Ohio Caregiving Act: Making Sure Family Caregivers Have the Resources They Need

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Ohio Caregiving Act: Making Sure Family Caregivers Have the Resources They Need

cheerful middle aged woman embracing disabled senior mother outdoors

A new Ohio law will make it easier for family caregivers to help a loved one stay at home. The Ohio Caregiving Act requires hospitals to communicate certain information to lay caregivers prior to discharge.

According to AARP, as many as 1.4 million Ohioans provide unpaid care to loved ones, with over 1.3 billion hours of unpaid family care given. AARP further reports that over 70 percent of Ohio caregivers perform complex medical tasks.

Jeanna McElroy, certified geriatric care manager and owner of Senior Support Services, LLC, commented on family members providing in-home care.

“Despite multiple options for in-home professional care, many family members choose to instead provide care themselves for their loved ones. Caring for someone in the home is typically less costly than other alternatives.”

With nursing home and assisted living facility costs on the rise, many individuals are staying at home longer. Individuals often only have the option to stay at home if they have a family or other lay caregiver available and willing to help provide care to them at home.

In 2016, the Ohio Legislature passed the Ohio Caregiving Act (“the Act”) with the goal of providing necessary resources to family caregivers after a patient is discharged from the hospital. The Ohio Caregiving Act requires hospitals to maintain records about a lay caregiver’s name and contact information.

The Act further requires hospitals to communicate certain information and provide training and demonstrations to the lay caregiver prior to discharging the patient to their home.

AARP proposed the Act and led the push for the Ohio Legislature to enact this law.

The Act contains several requirements:

A patient who is at least 55 years old and not unconscious or otherwise incapacitated must be given the opportunity to designate a lay caregiver. The hospital must present this opportunity to the patient after admission, but before discharge.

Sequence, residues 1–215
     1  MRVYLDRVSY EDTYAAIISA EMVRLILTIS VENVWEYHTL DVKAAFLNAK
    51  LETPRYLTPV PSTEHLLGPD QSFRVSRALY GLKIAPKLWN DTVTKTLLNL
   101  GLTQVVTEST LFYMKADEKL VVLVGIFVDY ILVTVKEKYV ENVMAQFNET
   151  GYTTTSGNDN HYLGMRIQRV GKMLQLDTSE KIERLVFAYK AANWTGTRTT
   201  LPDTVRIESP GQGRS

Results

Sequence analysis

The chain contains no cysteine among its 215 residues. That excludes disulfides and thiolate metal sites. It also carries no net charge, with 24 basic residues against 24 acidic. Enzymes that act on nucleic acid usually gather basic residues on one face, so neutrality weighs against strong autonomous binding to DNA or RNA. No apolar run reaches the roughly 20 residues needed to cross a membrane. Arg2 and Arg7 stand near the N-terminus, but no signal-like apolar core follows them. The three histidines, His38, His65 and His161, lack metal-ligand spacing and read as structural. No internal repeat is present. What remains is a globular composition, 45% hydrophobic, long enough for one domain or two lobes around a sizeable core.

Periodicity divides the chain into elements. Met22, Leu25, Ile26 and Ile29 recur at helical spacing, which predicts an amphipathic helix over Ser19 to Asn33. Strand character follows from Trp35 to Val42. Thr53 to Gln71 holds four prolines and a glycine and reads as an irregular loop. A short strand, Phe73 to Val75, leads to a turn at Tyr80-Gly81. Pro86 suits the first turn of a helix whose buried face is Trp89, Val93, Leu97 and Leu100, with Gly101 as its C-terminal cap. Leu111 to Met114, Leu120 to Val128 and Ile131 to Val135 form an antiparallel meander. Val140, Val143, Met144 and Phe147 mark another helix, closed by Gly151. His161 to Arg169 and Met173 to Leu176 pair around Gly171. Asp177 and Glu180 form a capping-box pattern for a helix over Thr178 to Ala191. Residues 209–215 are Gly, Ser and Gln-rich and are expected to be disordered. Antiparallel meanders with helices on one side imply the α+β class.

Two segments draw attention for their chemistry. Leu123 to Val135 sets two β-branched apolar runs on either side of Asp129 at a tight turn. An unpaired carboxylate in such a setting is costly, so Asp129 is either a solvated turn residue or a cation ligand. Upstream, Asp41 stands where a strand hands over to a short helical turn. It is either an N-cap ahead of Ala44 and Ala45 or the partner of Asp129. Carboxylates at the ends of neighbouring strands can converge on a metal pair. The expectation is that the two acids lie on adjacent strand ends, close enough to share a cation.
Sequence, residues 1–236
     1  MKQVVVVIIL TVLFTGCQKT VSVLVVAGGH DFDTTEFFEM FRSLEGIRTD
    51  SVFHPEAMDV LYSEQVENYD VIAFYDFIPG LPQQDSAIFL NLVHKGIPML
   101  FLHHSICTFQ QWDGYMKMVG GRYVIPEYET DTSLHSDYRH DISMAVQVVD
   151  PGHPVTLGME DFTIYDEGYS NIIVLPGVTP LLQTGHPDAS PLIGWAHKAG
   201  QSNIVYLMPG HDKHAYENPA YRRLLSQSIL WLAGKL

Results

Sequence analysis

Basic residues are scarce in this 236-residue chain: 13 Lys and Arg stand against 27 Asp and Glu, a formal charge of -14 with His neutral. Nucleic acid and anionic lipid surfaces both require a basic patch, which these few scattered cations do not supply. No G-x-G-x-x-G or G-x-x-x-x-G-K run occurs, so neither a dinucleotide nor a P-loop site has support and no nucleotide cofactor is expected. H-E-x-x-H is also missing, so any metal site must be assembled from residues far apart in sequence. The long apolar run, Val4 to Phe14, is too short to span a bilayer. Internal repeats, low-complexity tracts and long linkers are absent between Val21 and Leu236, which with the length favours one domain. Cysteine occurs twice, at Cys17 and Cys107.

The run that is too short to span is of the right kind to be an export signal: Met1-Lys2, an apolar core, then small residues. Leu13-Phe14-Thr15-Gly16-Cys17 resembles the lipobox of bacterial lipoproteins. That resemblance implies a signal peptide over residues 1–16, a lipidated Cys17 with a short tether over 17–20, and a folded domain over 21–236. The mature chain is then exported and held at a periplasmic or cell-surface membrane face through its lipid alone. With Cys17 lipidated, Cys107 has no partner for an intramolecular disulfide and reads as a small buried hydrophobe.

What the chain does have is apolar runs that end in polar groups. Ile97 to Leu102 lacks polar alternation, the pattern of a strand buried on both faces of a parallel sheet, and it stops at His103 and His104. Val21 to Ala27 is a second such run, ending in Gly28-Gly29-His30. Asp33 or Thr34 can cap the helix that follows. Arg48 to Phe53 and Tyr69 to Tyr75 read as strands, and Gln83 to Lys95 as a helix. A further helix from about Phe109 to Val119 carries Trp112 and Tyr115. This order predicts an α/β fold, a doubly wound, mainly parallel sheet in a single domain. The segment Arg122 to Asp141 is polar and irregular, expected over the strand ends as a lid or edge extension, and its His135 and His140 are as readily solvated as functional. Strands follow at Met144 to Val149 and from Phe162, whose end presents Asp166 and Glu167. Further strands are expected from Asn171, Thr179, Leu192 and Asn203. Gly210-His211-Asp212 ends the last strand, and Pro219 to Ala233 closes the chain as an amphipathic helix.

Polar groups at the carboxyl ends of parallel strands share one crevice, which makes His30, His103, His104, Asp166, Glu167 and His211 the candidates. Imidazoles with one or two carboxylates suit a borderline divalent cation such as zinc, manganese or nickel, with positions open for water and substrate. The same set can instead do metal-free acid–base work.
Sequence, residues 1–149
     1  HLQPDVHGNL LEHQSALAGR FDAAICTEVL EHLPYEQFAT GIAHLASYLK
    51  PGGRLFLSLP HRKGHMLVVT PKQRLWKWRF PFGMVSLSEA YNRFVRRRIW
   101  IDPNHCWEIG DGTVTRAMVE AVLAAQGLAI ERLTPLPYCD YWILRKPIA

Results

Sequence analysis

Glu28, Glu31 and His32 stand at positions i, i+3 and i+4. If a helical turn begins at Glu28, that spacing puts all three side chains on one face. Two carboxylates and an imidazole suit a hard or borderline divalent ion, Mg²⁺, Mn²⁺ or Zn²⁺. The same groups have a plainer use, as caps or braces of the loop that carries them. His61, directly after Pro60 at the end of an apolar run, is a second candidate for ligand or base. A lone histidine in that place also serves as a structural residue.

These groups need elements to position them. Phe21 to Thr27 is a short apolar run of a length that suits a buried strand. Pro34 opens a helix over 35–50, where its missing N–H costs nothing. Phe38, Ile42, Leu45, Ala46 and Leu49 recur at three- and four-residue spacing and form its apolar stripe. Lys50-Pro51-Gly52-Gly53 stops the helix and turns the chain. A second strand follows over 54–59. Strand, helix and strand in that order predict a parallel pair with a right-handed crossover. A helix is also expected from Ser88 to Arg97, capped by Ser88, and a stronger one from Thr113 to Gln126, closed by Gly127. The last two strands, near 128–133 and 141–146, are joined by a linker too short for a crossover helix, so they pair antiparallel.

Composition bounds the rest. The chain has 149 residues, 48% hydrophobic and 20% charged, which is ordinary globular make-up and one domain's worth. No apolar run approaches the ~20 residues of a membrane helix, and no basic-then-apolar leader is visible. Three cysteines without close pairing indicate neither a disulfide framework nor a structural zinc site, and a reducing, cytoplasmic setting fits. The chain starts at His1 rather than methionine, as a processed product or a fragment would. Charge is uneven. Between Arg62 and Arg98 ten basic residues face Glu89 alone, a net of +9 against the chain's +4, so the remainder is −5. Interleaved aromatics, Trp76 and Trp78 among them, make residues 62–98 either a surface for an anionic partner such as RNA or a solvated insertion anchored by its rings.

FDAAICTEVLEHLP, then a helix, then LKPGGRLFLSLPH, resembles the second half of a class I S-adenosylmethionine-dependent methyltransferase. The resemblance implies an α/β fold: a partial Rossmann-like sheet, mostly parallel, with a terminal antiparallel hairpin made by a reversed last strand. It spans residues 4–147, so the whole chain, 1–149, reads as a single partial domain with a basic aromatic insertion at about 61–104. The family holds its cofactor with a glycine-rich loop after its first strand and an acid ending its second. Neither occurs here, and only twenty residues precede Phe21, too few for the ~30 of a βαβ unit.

The hospital must notify the lay caregiver as soon as practicable that the patient will be discharged, and the hospital must create a discharge plan.

The discharge plan may include a list of tasks necessary to facilitate the transition from the hospital to the home, provide contact information of appropriate health care providers that will be necessary to implement the discharge plan, and contain information about the lay caregiver and a description of tasks to be performed after discharge.

The hospital must review the discharge plan with the patient or the patient’s guardian. If appropriate, the hospital or health care professional should review the discharge plan with the lay caregiver. The intent is not to delay a patient’s discharge if the caregiver is not reasonably available to participate in the plan review.

As part of the discharge plan review, the health care professional should determine if it is appropriate for a hospital employee to demonstrate tasks described in the discharge plan. Each person participating in the discharge plan review will have the opportunity to ask questions about the care needed and the tasks to be performed.

The designation of a lay caregiver is not intended to interfere with a person serving as an agent under a Health Care Power of Attorney for the patient, nor does it obligate the lay caregiver to provide care to the individual.

Rather, the Ohio Caregiving Act allows those family members providing in-home care to be better equipped after the patient is discharged from the hospital.

“Possibly more family members and/or designated caregivers will be willing to provide this care if they feel equipped for the task as a result of proper training upon their loved one’s discharge from the hospital. While this training will allow many caregivers to provide care that they may have otherwise performed incorrectly or not at all, there remains many circumstances that still require a professional care provider. As long as these situations are disclosed by the hospital staff in the discharge plan, then the designated caregivers could assist in saving the patient money by providing the care that does not require a professional,” McElroy stated.

AARP provides wallet cards to keep near your insurance cards so that the lay caregiver has a quick reference to his or her rights under the Act. Visit action.aarp.org/OHcaregiving to download a free wallet card.

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